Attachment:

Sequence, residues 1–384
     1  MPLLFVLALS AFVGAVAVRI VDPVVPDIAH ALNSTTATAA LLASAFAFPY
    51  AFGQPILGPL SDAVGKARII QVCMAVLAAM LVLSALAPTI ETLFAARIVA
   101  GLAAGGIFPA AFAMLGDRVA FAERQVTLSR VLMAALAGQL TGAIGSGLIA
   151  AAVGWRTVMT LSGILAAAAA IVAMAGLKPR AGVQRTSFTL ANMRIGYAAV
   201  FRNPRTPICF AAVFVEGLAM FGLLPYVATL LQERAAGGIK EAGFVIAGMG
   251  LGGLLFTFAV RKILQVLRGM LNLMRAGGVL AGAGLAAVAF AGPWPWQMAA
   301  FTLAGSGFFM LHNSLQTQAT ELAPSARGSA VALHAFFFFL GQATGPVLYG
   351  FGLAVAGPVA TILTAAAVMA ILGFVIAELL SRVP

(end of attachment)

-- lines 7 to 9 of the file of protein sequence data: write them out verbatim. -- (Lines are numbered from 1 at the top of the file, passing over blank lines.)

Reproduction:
   251  LGGLLFTFAV RKILQVLRGM LNLMRAGGVL AGAGLAAVAF AGPWPWQMAA
   301  FTLAGSGFFM LHNSLQTQAT ELAPSARGSA VALHAFFFFL GQATGPVLYG
   351  FGLAVAGPVA TILTAAAVMA ILGFVIAELL SRVP